Get Ready for Groupon — if You’re Connected

Nov 3, 2011, 11:54 am EST
Get Ready for Groupon — if You’re Connected

On Thursday night, Groupon will finalize its IPO, and on Friday, shares will trade under the GRPN ticker on the Nasdaq. According to a report from Reuters, it looks like the deal could price between $19 to $21, compared to earlier expectations around $16 to $18 — and at $21, that would put Groupon’s valuation at roughly $13 billion. So it looks like there’s heavy demand for the offering.

But when talking to many Silicon Valley CEOs this week, I found no one who was interested in Groupon. They are highly skeptical of the company’s business model, as well as its ability to create sustainable profits.

Despite all this negative opinion — which also has been nearly universal in the media — the IPO itself should be solid. Helping the case is that Groupon’s underwriters — Goldman Sachs (NYSE:GS) and Morgan Stanley (NYSE:MS) — cut the valuation on the deal by about half and will only issue 4.7% of the outstanding shares. It’s just a matter of normal demand and extremely short supply of stock. Read 

Angie’s List: A Billion-Dollar IPO?

Nov 3, 2011, 11:19 am EST
Angie’s List: A Billion-Dollar IPO?

Angie’s List, a website that matches consumers with contractors and other service providers, is getting closer to becoming a public company.  Based on a filing with the Securities and Exchange Commission on Wednesday, the company said it plans to issue 8.8 million shares at $11-$13 each.  The offering is slated to trade on the Nasdaq with the symbol ANGI.

Angie’s List had originally announced its IPO plans in August.

Assuming the stock trades at $13, the company’s value would total $722 million.  However, if there is a first-day trading pop in the stock, it wouldn’t be a stretch to see it reach $1 billion. Read 

OpenTable: From Hot IPO to Disaster

Nov 2, 2011, 2:57 pm EST
OpenTable: From Hot IPO to Disaster

Back in the summer of 2009, OpenTable (Nasdaq:OPEN) was one of the first dot-com’s to hit the market after the
financial crisis.  It turned out to be a fantastic deal, as the shares spiked nearly 60%.  OpenTable’s online reservation system seemed to have endless growth potential.

Yet it can be extremely tough to keep the momentum going.  And that has certainly been the case this year. Since April, OpenTable’s shares have plunged to $38 from $118.

The problem?  Simply put, OpenTable hasn’t been able meet Wall Street’s overly optimistic expectations.  Even though the company posted a sizzling 40% surge in revenue for the latest quarter, it wasn’t enough – analysts wanted 46%. Read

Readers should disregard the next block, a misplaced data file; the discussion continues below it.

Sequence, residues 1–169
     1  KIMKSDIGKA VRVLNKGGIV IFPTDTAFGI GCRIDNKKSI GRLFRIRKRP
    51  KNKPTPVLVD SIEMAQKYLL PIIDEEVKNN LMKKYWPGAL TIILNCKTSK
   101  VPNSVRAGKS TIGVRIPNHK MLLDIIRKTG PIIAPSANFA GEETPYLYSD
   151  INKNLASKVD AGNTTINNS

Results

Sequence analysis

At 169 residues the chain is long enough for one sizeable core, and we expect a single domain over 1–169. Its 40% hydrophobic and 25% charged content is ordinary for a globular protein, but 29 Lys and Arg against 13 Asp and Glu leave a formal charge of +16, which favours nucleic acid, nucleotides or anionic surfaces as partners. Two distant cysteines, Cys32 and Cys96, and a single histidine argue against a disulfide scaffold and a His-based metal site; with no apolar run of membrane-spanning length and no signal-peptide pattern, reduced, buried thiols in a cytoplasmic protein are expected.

When an Acquisition Beats an IPO

Nov 2, 2011, 2:57 pm EST
When an Acquisition Beats an IPO

On Tuesday, I talked to James Slavet, one of the partners for the Internet consumer side of venture capital firm Greylock
Partners.  He certainly knows how to spot breakout companies, some of which have included Pandora (NYSE:P), Facebook, LinkedIn (NYSE:LNKD) and Groupon.  But just as importantly, his team also has a good sense for the right exit.

While IPOs are great, Slavet said that an eventual acquisition is by far the more likely option.  For example, he has helped sell
Farecast to Microsoft (Nasdaq:MSFT) and Kongregate to GameStop (NYSE:GME).

His latest deal came this week, facilitating the sale of Auditude to Adobe (Nasdaq:ADBE) (for an undisclosed price). Auditude is a top player in video ad management, with clients like News Corp.’s (NYSE:NWS) Fox, Major League Baseball and Comcast (Nasdaq:CMCSA).  “When we invested in the company in 2007,” said Slavet, “we saw a major shift to premium web video.” Read 

Solyndra: Where Did Your Tax Dollars Go?

Nov 2, 2011, 2:04 pm EST

I had dinner Tuesday night with a Silicon Valley CEO.  He mentioned that Solyndra, the bankrupt solar operator, was liquidating its assets via an auction.  “I want to get some cool chairs and a projector,” he told me.

Not long ago, Solyndra was a showcase for President Obama’s “green jobs” movement. Over the past few years, the company received $528 million in federal loan guarantees. Now, it’s just a sad, expensive joke.

On the other hand, if you want to get some good deals on so-called noncore assets, you can check out Heritage Global Partners, which is managing the auction (they also handled the one for Enron). Read 

Global Brass & Copper Buffing Up for an IPO

Nov 1, 2011, 1:26 pm EST
Global Brass & Copper Buffing Up for an IPO

When it comes to corporate turnarounds, John Walker is one of the best operators. Among his accomplishments: He was able to restructure Weirton Steel Corporation, as well as help Delphi Corporation get back to health.

His latest gig? CEO at Global Brass & Copper, a specialty manufacturer of foil, rods and fabricated components for markets like housing, autos and munitions. Since coming on board in 2007, it looks like this has been another success for Walker.

The most recent good news: Global Brass & Copper has filed for an IPO. The underwriters include Goldman Sachs (NYSE:GS) and Morgan Stanley (NYSE:MS). Read 

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